Central Michigan University - Department of Biology and Institute for Great Lakes Research (Mount Pleasant) Pangle, Kevin (pangl1k@cmich.edu) Completed $119,268.13
1550 The New Lake Michigan Food Web: Establishing links between nearshore food sources and pelagic piscivores.

With funding from the Great Lakes Fishery Trust, The University of Wisconsin Milwaukee, Great Lakes WATER Institute attempted to better characterize the diets of large-bodied piscivores in Lake Michigan following major ecosystem changes in the past 10-15 years. The project aimed to address the following questions:


  1. Does the ability to utilize nearshore energy sources vary among species?

  2. Within a given species, does the dependence on nearshore energy sources vary with location?

  3. Do spatial and temporal differences in dependence on nearshore energy lead to differences in fish condition?

The project offers important insights into upper food web structure and energy flow of Lake Michigan salmonines diets. The study fills previous knowledge gaps surrounding the diets of brown trout, Coho salmon, and steelhead and provides evidence of how the salmonines have adjusted their diet after ecosystem changes such as the establishment of the dreissenid mussels and the round goby in the Lake Michigan food web. In addition to providing dietary data for certain species, the project also generated the first estimates of niche overlap and diet proportion data for the Lake Michigan piscivore community. The data provide important insight into the upper food web structure and potential interaction among species. The project represents one of the larger databases of fatty acid profiles at the top of a freshwater food web.  

Board Decision Year: 2015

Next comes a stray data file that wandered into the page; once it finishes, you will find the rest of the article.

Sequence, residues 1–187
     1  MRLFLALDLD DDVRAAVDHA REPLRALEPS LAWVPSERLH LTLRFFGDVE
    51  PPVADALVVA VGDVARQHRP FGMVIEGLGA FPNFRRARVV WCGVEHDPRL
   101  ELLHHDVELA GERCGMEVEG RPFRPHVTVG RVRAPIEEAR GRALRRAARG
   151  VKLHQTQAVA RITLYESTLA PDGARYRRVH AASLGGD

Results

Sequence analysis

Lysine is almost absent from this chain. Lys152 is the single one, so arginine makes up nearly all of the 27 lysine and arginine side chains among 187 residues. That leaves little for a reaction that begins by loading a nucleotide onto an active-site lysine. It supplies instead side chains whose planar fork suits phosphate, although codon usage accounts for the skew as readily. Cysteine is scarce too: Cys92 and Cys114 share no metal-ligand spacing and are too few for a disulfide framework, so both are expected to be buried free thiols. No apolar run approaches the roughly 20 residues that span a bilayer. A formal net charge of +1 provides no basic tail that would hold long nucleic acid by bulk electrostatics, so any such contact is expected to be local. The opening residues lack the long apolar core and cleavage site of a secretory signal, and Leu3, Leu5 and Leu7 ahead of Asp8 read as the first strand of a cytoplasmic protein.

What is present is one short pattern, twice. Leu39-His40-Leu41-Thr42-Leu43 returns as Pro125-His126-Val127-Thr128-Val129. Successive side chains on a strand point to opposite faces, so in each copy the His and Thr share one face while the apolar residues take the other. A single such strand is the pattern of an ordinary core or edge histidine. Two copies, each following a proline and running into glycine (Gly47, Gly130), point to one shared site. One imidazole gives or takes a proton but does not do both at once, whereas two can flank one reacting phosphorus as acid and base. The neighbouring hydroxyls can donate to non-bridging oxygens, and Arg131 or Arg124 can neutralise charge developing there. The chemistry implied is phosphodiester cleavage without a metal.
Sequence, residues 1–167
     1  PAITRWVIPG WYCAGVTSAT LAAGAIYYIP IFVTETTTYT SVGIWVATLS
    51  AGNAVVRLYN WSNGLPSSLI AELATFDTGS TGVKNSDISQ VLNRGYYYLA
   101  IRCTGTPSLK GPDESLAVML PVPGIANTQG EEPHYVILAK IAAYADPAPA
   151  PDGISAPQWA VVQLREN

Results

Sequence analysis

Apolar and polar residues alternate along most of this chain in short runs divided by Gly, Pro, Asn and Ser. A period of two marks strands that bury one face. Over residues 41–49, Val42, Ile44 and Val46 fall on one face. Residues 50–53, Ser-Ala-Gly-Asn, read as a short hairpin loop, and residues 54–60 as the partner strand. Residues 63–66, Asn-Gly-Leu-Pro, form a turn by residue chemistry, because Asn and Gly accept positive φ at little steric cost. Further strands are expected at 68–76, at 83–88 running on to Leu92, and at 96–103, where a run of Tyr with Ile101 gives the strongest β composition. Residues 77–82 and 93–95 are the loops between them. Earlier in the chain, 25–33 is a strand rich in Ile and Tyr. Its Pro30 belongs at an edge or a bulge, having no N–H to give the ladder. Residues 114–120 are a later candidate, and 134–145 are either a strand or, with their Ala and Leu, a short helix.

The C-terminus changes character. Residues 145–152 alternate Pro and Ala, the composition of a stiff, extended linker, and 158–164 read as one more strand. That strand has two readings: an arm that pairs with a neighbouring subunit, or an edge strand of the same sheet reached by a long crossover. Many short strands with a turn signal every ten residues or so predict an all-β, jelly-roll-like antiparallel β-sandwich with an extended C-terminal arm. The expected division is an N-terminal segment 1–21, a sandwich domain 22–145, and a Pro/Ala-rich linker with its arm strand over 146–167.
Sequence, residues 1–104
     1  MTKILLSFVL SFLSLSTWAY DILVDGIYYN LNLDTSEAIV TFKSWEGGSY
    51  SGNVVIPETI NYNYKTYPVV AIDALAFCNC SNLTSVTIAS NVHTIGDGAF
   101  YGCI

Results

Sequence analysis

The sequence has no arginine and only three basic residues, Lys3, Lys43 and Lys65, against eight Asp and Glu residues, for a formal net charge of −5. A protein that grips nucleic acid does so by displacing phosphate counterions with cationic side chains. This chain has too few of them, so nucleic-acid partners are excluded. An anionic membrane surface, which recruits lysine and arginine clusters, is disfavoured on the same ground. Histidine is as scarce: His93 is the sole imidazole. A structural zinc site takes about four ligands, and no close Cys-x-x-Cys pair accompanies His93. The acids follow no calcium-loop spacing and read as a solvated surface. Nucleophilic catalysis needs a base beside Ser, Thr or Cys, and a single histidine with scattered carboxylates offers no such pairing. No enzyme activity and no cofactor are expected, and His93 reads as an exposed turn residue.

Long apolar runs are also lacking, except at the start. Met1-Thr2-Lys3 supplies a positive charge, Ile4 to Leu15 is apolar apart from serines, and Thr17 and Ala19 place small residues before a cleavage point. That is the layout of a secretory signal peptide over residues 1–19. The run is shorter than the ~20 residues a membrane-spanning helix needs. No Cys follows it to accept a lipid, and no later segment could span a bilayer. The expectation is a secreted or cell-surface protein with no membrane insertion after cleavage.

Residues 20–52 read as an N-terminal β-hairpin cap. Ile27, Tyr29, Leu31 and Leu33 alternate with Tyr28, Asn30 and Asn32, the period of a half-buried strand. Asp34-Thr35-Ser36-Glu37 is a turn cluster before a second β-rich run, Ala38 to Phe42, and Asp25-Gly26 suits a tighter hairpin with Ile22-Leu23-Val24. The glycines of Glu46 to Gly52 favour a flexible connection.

University of Wisconsin-Milwaukee - Great Lakes WATER Institute (Milwaukee) Bootsma, Harvey (hbootsma@uwm.edu) Completed $264,772.30
1546 Forecasting biological and economic impacts of aquatic invasive species in Lake Michigan

University of Wyoming - Economics and Finance will use dynamically linked ecosystem and economic models to forecast both the bioeconomic impacts of future invasive species on Lake Michigan’s food web and fisheries, and the impacts of potential invasive species management strategies. They will predict changes in fishery effort, harvests and regional economic well-being resulting from changes in fish biomass caused by invasive species and management strategies.

Board Decision Year: 2015
University of Wyoming - Economics and Finance (Laramie) Finnoff, David (finnoff@uwyo.edu) Active $246,819.16
1539 Management unit delineation of lake sturgeon populations based on adaptive genetic diversity

Lake sturgeon management units have been delineated based on neutral genetic markers; however, these markers may not represent adaptive differences that may indicate different evolutionary pathways for these populations. In this project, lake sturgeon populations throughout the Great Lakes will be analyzed at genes that are under natural selection. Populations will then be grouped based on adaptive similarity, resulting in management units that will help conserve the adaptive potential of our remaining lake sturgeon populations.

Board Decision Year: 2015
West Virginia University Research Corporation (Morgantown) Welsh, Amy (amy.welsh@mail.wvu.edu) Active $193,942.00
1531 Making fish and habitat survey data publicly available to facilitate collaborative management of Great Lakes tributaries